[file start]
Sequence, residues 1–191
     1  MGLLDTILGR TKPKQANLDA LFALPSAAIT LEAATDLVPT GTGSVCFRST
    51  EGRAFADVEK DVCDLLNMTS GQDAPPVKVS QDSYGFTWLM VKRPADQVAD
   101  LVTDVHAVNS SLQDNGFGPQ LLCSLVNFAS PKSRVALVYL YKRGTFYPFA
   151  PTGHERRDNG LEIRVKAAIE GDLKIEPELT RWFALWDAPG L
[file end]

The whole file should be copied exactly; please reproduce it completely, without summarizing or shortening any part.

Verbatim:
Sequence, residues 1–191
     1  MGLLDTILGR TKPKQANLDA LFALPSAAIT LEAATDLVPT GTGSVCFRST
    51  EGRAFADVEK DVCDLLNMTS GQDAPPVKVS QDSYGFTWLM VKRPADQVAD
   101  LVTDVHAVNS SLQDNGFGPQ LLCSLVNFAS PKSRVALVYL YKRGTFYPFA
   151  PTGHERRDNG LEIRVKAAIE GDLKIEPELT RWFALWDAPG L